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8 Steps To Ensure Great Communication With Parents

Via Edudemic

As you’re preparing your lesson plans and classrooms for the first day of school (which may have already happened for some of you!), keeping in touch with parents is probably on your mind. Communicating classroom expectations and other pertinent information at the beginning of the school year is critical to get everyone started off on the right foot. But once you’re done with the beginning of the year communications, your contact with parents shouldn’t happen only when there is a problem or when parent’s night hits the calendar. Keeping open lines of communications with parents throughout the school year helps keep them engaged in their student’s school life, helps keep the student on top of communicating their goals, progress, and needs with their parents, and will ultimately help keep your classroom running a little bit more smoothly, even if it takes a bit of extra thought at the beginning.

The handy infographic below takes a look at 8 tips and tricks for staying in touch with parents throughout the school year. How often and how do you keep in touch with your student’s parents? Weigh in by leaving a comment below, mentioning @Edudemic on Twitter or leaving your thoughts on our Facebook page.

8 Great Ways to Connect With Parents

  • Focus on the positive, not just the negative. If you have to get in touch with a parent because their child is having a disciplinary or academic problem, don’t just call and tell them what is wrong. Start off with what is going right, which will help the parents feel like you’re not just attacking their child.
  • Be consistently in touch – not just when things are bad. If you only ‘touch base’ when something has gone awry, the parents will cringe when they hear from you. Share successes as well as failures, and don’t forget general updates.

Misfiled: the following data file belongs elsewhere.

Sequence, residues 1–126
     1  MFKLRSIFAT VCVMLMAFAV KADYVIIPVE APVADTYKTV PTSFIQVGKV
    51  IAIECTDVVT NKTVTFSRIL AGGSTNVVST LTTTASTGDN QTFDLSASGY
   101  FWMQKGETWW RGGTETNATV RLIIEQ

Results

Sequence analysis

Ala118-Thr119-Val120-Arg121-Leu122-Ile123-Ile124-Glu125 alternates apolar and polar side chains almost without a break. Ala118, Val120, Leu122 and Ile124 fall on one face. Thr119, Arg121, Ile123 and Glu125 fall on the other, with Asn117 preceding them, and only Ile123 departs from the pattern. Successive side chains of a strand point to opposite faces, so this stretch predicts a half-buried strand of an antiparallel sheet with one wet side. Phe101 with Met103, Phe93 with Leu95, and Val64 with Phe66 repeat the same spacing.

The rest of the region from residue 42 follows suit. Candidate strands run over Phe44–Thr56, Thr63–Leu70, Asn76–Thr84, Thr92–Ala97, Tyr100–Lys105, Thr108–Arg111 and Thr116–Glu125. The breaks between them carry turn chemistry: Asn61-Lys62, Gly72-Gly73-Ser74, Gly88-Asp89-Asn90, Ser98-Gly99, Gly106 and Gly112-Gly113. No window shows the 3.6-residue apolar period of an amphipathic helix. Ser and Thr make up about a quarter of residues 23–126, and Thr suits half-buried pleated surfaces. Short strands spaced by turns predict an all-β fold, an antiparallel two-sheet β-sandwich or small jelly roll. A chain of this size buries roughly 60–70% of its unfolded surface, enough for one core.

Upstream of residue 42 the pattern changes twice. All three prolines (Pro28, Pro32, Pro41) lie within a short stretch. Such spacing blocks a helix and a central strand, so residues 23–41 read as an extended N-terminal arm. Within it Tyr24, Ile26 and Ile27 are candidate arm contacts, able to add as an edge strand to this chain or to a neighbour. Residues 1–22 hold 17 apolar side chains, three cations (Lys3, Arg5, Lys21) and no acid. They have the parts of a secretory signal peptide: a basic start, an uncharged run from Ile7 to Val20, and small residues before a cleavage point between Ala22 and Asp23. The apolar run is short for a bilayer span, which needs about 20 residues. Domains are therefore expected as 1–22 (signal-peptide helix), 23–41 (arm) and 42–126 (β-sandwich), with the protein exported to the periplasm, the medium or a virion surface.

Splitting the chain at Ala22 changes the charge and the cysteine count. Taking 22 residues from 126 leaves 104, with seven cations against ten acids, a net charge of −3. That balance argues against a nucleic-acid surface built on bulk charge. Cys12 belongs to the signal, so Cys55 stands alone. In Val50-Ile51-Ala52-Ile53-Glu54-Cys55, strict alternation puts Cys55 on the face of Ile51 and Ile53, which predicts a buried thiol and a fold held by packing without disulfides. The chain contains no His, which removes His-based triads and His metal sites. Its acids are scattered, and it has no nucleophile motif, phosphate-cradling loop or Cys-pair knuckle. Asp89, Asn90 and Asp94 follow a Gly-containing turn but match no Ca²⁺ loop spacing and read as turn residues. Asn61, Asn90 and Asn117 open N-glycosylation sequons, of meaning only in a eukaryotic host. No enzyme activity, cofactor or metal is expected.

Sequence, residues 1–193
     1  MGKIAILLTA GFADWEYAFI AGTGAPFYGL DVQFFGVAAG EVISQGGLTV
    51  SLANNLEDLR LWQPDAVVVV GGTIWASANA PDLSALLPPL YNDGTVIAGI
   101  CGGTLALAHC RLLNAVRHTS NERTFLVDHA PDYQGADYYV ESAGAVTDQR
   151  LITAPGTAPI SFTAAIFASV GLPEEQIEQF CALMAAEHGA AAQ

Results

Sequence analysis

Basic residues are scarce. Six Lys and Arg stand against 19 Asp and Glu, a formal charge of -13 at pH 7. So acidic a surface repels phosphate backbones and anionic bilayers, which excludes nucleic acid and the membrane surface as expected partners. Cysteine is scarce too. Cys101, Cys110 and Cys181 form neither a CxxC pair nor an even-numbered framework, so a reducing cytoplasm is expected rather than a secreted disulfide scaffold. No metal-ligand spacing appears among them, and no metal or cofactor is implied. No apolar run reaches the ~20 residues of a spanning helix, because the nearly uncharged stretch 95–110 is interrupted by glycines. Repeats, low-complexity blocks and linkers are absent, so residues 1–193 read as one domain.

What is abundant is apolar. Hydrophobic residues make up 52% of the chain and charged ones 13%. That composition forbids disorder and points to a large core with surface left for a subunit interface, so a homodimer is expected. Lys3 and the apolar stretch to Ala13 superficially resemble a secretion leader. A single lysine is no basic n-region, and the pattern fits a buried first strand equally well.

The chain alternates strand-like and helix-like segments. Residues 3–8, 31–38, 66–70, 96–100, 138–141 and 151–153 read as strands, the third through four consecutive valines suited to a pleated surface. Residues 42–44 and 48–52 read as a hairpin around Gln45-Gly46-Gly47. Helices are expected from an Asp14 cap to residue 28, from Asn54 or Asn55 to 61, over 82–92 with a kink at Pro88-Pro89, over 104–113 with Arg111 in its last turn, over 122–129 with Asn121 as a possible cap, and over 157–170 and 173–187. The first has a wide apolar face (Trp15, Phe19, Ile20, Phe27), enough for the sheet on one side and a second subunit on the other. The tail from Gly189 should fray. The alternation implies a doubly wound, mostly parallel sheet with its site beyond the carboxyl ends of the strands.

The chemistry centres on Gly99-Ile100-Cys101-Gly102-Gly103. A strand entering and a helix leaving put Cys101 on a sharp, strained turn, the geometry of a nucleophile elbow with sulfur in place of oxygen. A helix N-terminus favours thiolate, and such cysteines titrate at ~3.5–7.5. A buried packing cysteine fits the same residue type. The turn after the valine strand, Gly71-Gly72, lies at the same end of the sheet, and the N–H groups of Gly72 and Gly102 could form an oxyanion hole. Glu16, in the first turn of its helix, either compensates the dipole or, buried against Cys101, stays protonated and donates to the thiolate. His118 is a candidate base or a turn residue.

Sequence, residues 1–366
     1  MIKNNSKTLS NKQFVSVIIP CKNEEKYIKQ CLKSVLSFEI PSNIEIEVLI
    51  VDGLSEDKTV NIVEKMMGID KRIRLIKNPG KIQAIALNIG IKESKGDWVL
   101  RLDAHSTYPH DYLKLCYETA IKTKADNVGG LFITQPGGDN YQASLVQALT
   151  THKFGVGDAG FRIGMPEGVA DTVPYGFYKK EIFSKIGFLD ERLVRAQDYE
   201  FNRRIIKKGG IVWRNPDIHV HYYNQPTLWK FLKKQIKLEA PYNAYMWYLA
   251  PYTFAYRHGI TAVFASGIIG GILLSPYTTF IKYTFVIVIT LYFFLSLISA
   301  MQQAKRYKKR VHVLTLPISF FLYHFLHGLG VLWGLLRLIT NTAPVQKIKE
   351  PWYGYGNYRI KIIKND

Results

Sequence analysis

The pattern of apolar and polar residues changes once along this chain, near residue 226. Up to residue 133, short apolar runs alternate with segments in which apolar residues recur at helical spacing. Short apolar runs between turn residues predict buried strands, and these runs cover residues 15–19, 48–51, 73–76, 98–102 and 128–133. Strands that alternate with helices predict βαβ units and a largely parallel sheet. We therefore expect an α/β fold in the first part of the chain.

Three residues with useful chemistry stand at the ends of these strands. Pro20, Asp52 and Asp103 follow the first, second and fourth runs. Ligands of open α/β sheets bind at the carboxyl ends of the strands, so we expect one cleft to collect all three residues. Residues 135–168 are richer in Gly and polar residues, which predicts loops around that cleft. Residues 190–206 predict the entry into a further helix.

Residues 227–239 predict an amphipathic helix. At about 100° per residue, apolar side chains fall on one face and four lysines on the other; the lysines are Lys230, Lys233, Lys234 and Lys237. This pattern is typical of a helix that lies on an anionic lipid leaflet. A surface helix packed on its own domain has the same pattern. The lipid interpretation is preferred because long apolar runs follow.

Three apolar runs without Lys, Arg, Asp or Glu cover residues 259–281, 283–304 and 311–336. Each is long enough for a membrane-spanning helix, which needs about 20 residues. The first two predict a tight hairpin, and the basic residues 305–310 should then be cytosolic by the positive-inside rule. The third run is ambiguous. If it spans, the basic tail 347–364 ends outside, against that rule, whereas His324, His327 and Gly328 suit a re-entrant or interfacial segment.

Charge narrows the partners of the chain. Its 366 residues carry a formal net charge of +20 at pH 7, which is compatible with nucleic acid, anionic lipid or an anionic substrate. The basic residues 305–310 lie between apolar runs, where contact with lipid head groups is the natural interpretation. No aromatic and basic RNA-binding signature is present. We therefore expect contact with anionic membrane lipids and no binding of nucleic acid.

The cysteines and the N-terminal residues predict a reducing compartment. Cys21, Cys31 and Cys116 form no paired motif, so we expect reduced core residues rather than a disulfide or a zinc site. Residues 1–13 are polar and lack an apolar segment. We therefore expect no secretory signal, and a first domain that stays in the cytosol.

• Involve the student in communicating with their parents.When a student has to communicate a goal, success, or failure to their parents in their own words, it engages the student more in their own learning process.
  • Skype or livestream when needed to keep the parents in touch. If parents can’t be a part of a performance or other school activity, enable them to participate via technology.
  • Use technology like email and texting. This is less invasive-feeling and usually easier for them, making it much easier for them to respond to than a phone call.
  • Ask parents’ opinions when it is appropriate. When parents feel as though their opinions are valued and that they’re being actively included, they’ll be more involved and more likely to be a part of your ‘team’ rather than being hard wired to argue with everything you say.
  • Bring them into school to get them involved. While not every parent will be able to participate in on site activities, getting them physically there is a great way to get them involved.
  • Collaborate with parents and find some common ground. It is very likely that you have some common goals as the parents. Talk with them. Find out what makes them tick and what they want for their student.

This article appeared on Edudemic on August 21 2014 and was written by Jeff Dunn. The infographic was produced by Daily Genius.